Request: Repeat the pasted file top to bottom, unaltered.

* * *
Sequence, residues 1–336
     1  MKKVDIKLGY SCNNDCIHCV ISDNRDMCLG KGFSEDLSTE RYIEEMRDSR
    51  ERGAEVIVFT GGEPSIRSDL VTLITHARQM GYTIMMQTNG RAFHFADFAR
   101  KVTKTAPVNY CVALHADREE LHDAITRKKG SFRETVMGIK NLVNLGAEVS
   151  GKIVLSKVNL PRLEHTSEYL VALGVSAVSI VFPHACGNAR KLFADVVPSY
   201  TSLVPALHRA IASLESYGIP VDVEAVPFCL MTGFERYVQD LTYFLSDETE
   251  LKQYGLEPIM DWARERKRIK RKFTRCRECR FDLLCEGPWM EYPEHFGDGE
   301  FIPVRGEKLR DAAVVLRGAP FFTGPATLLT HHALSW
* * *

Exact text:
Sequence, residues 1–336
     1  MKKVDIKLGY SCNNDCIHCV ISDNRDMCLG KGFSEDLSTE RYIEEMRDSR
    51  ERGAEVIVFT GGEPSIRSDL VTLITHARQM GYTIMMQTNG RAFHFADFAR
   101  KVTKTAPVNY CVALHADREE LHDAITRKKG SFRETVMGIK NLVNLGAEVS
   151  GKIVLSKVNL PRLEHTSEYL VALGVSAVSI VFPHACGNAR KLFADVVPSY
   201  TSLVPALHRA IASLESYGIP VDVEAVPFCL MTGFERYVQD LTYFLSDETE
   251  LKQYGLEPIM DWARERKRIK RKFTRCRECR FDLLCEGPWM EYPEHFGDGE
   301  FIPVRGEKLR DAAVVLRGAP FFTGPATLLT HHALSW